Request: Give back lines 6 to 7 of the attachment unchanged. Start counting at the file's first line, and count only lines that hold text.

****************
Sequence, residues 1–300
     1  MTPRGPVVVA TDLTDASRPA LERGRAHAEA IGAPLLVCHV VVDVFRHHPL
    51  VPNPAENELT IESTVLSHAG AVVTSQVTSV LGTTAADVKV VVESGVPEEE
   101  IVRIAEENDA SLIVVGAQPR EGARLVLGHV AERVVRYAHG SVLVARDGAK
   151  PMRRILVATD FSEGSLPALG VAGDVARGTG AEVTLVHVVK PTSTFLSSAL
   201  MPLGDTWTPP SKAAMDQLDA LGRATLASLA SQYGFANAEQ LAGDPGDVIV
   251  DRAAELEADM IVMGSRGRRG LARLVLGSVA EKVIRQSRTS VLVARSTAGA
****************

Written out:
   201  MPLGDTWTPP SKAAMDQLDA LGRATLASLA SQYGFANAEQ LAGDPGDVIV
   251  DRAAELEADM IVMGSRGRRG LARLVLGSVA EKVIRQSRTS VLVARSTAGA